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Luca Giordano

(1634–1705, Naples)

Christ in the Temple. Etching. 29 x 40.8 cm. Bartsch XXI, 175, 3; The Illustrated Bartsch, 47 Part 1 (Commentary), 3 II (of III). Watermark: Crossed arrows in a circle.

Luca Giordano is undoubtedly one of the key artistic figures in Neapolitan Baroque painting. His prolific output and tremendous creative powers were legendary among his contemporaries, earning him the epithet Fà presto. In his early years in Naples, Giordano was substantially influenced by Jusepe de Ribera and later by Pietro da Cortona, whose student he may have been. The artist went on several study trips through Italy, spending a lengthy period in Venice, where he studied the work of Veronese very closely.

In contrast to his extensive painted oeuvre Giordano produced just six etchings, all of which date to his early period. They are very varied in style and point to the diversity of Giordano’s sources of Inspiration. His etchings are rare and were evidently printed in small editions, which can be explained by the fact that at this time the artist did not enjoy the fame that was to come his way in later years. All the works arose in Naples and were issued there by local publishers in the early 1650s immediately after Giordano’s first journey to Venice and northern Italy. A drawing by Giordano on the same subject but with numerous alterations is now in the Gabinetto delle Stampe in Rome (inventory number F. N. 12914).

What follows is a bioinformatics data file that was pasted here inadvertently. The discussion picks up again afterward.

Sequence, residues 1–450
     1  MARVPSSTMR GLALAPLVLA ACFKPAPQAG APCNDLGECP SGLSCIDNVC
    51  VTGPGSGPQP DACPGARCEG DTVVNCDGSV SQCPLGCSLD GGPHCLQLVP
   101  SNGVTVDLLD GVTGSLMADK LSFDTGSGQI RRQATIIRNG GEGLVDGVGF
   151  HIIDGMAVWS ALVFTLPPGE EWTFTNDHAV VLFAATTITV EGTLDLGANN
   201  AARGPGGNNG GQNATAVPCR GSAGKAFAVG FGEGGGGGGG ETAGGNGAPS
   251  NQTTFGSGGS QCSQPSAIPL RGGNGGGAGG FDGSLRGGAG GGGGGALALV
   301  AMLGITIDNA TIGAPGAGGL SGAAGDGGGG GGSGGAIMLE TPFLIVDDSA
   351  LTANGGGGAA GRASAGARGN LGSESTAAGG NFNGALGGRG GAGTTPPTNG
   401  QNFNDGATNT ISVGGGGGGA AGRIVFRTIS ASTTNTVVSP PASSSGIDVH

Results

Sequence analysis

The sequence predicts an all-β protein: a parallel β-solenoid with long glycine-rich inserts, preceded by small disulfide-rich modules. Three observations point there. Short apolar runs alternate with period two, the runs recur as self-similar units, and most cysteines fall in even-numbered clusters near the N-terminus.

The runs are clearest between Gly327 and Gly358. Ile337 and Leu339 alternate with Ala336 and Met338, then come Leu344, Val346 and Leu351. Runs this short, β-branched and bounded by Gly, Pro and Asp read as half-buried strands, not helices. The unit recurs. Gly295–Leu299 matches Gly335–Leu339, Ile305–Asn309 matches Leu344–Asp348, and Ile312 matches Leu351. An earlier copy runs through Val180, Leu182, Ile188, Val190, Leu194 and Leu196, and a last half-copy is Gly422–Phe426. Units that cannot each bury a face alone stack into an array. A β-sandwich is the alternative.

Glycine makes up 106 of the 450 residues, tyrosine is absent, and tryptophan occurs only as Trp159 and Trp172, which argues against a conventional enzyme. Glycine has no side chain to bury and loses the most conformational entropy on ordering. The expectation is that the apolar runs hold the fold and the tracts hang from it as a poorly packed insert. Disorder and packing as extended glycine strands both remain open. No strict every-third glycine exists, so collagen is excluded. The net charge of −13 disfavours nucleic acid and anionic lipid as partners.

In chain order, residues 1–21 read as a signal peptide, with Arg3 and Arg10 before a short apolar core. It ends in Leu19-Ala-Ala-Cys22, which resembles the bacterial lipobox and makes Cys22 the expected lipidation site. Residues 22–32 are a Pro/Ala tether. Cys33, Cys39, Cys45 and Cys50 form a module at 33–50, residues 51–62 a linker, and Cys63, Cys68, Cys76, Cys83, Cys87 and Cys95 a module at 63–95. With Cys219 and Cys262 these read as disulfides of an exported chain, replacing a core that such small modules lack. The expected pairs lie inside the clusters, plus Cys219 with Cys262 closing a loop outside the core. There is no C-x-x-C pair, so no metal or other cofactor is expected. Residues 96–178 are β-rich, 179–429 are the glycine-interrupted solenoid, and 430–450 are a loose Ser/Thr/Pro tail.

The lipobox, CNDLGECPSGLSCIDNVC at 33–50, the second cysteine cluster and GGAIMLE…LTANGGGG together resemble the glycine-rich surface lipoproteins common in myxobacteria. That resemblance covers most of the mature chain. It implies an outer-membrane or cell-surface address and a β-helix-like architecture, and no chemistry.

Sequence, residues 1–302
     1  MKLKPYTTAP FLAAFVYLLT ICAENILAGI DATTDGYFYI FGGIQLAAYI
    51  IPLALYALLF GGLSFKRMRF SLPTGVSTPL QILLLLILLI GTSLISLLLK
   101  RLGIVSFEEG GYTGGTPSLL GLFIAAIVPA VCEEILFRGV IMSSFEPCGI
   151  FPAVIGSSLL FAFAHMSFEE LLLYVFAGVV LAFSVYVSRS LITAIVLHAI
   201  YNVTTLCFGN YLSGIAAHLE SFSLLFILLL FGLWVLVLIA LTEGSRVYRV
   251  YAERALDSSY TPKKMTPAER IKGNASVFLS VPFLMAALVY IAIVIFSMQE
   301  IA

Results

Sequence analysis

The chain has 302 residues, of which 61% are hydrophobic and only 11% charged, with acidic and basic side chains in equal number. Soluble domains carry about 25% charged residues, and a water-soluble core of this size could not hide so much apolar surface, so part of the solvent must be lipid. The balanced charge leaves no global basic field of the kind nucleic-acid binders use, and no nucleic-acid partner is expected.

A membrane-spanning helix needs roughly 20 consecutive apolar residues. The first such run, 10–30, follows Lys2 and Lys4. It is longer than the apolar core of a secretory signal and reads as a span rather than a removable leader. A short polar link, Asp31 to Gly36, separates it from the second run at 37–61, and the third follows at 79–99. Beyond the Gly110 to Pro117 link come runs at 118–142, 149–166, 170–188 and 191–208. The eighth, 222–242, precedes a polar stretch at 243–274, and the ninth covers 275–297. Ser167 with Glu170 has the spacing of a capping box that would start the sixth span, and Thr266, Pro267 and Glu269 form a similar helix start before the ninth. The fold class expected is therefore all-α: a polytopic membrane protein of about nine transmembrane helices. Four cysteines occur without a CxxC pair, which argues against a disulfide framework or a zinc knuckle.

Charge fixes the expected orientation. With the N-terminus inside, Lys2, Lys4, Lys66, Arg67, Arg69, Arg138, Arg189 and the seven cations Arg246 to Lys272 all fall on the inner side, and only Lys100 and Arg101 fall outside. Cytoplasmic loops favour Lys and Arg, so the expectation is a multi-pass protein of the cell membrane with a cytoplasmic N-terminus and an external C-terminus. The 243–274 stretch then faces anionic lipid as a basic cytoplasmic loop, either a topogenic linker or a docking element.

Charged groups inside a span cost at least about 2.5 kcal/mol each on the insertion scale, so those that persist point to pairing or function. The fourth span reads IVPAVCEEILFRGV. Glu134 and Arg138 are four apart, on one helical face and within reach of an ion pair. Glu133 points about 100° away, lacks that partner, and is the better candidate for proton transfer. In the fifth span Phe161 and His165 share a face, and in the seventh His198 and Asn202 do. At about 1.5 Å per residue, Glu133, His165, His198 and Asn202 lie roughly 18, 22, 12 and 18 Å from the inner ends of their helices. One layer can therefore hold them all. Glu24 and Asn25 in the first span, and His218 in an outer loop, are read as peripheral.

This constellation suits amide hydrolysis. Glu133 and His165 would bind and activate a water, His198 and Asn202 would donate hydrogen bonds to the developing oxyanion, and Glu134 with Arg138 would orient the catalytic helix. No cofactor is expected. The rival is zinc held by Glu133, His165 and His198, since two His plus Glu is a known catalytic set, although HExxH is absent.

The sophistically composed print has been executed in a light, animated etching technique which deliberately aims to achieve a painterly, tonal effect and is greatly influenced by the work of Ribera. A very fine, tonal impression with subtle, vibrant plate tone, with narrow margins. With the address of the Neapolitan publisher, Francesco Palmiero; before the later impressions without his name. Minor staining verso, smoothed drying fold, otherwise in excellent condition.

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